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Testing ⚛️ components using render props

January 08, 2018

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Let's look at how we can write tests for React components that use render props!

With the release of my Advanced React Component Patterns course on egghead.io, a lot of people have been asking me about render props. Specifically with regards to testing. Maybe eventually I'll create a course on egghead.io about testing react components. Until then, I've decided to write this about some approaches that could help you when testing a component that renders a render prop component :)

Note: This isn't about how to test components that implement > the render prop pattern. Rather, this is about how to tests components that use components that implement the render prop pattern :)

In preparing this blog post, I created this repo which totally works and you can give it a look if you want more details :) In that repo, we have a component called FruitAutocomplete which is (basically) implemented like so:

1import React from 'react'
2import {render} from 'react-dom'
3import Downshift from 'downshift'
4
5const items = ['apple', 'pear', 'orange', 'grape', 'banana']
6
7function FruitAutocomplete({onChange}) {
8 return (
9 <Downshift
10 onChange={onChange}
11 render={({
12 getInputProps,
13 getItemProps,
14 getLabelProps,
15 isOpen,
16 inputValue,
17 highlightedIndex,
18 selectedItem,
19 }) => (
20 <div>
21 <label {...getLabelProps()}>Enter a fruit</label>
22 <input {...getInputProps()} />
23 {isOpen ? (
24 <div data-test="menu">
25 {items
26 .filter(i => !inputValue || i.includes(inputValue))
27 .map((item, index) => (
28 <div
29 {...getItemProps({
30 key: item,
31 'data-test': `item-${item}`,
32 index,
33 item,
34 style: {
35 backgroundColor:
36 highlightedIndex === index ? 'lightgray' : 'white',
37 fontWeight: selectedItem === item ? 'bold' : 'normal',
38 },
39 })}
40 >
41 {item}
42 </div>
43 ))}
44 </div>
45 ) : null}
46 </div>
47 )}
48 />
49 )
50}
51
52export default FruitAutocomplete

End to End tests

First off, I should say that render props are really just an implementation detail. So if you're writing E2E tests (with something like the amazing Cypress.io), then you shouldn't have to test anything any differently whether you're using render props or anything else. You just interact with the component the way the user would (type in the input, select an item, etc.). That may be obvious, but I think that brings up a pretty important point. The higher you're up on the "testing pyramid," the less implementation details matter, as you go down the pyramid, you have to deal with implementation details a little more.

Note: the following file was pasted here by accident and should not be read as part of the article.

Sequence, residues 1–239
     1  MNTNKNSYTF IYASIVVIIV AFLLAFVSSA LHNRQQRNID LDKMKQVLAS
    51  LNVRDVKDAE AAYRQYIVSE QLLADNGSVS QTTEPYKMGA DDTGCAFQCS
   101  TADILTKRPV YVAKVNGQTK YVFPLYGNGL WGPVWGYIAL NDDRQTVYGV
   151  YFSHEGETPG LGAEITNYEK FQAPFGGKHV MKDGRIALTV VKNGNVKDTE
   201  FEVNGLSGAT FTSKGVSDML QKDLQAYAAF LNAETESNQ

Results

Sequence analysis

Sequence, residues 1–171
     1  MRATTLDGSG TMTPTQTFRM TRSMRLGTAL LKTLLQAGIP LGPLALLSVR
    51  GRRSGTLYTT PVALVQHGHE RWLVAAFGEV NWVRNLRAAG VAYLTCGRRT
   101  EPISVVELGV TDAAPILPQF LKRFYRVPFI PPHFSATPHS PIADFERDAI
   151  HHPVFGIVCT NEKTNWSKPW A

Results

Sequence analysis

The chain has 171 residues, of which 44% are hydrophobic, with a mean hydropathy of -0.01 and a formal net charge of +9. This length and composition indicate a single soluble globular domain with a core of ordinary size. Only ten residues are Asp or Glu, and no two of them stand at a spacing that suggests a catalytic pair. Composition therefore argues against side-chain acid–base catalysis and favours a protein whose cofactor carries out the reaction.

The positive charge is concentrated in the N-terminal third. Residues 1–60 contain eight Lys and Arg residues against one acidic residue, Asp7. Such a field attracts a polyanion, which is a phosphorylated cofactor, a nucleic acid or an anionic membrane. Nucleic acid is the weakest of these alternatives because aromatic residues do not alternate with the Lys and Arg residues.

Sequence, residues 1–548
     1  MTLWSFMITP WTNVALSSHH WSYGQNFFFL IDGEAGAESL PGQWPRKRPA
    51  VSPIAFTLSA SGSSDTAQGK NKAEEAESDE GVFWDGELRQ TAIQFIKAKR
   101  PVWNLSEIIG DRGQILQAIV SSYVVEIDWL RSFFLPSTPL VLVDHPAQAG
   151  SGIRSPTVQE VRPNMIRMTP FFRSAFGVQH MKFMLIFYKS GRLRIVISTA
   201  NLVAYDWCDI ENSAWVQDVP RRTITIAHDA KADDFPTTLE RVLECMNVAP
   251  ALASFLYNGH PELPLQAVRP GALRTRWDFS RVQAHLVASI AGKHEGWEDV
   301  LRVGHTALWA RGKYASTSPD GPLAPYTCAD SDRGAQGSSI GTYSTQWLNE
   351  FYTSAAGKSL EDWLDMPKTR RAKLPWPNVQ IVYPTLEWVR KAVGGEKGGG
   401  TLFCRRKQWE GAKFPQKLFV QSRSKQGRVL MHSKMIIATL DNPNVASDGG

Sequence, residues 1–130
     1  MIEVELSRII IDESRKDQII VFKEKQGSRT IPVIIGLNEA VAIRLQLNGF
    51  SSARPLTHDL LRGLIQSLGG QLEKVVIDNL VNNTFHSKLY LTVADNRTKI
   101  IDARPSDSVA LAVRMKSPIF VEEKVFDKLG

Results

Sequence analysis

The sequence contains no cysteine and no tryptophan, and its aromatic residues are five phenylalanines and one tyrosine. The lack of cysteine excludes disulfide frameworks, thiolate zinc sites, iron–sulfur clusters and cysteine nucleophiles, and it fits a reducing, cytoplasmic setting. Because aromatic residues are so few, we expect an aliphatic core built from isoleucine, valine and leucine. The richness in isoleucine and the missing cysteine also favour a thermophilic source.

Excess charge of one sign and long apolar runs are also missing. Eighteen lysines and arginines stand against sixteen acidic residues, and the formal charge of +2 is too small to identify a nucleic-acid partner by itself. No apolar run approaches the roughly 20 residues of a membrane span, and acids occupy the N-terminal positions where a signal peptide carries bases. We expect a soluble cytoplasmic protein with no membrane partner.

UI, Service, Unit

Sorry, no example of E2E tests today. Maybe when I publish this to > my blog I'll have some...

Integration Tests

That said, I suggest focusing on integration tests. With an integration test, you likewise don't have to change too much about how you test the component. Here are the integration tests from the repo. You'll notice that there's no indication that the FruitAutocomplete component is implemented with a render prop component (an implementation detail):

1import React from 'react'
2import {mount} from 'enzyme'
3import FruitAutocomplete from '../fruit-autocomplete'
4
5// some handy utilities
6// learn more about this `sel` function
7// from my other blog post: http://kcd.im/sel-util
8const sel = id => `[data-test="${id}"]`
9const hasMenu = wrapper => wrapper.find(sel('menu')).length === 1
10
11test('menu is closed by default', () => {
12 const wrapper = mount(<FruitAutocomplete />)
13 expect(hasMenu(wrapper)).toBe(false)
14})
15
16test('lists fruit with a keydown of ArrowDown on the input', () => {
17 const wrapper = mount(<FruitAutocomplete />)
18 const input = wrapper.find('input')
19 input.simulate('keydown', {key: 'ArrowDown'})
20 expect(hasMenu(wrapper)).toBe(true)
21})
22
23test('can search for and select "banana"', () => {
24 const onChange = jest.fn()
25 const wrapper = mount(<FruitAutocomplete onChange={onChange} />)
26 const input = wrapper.find('input')
27 input.simulate('change', {target: {value: 'banana'}})
28 input.simulate('keydown', {key: 'ArrowDown'})
29 input.simulate('keydown', {key: 'Enter'})
30 expect(onChange).toHaveBeenCalledTimes(1)
31 const downshift = expect.any(Object)
32 expect(onChange).toHaveBeenCalledWith('banana', downshift)
33 expect(input.instance().value).toBe('banana')
34})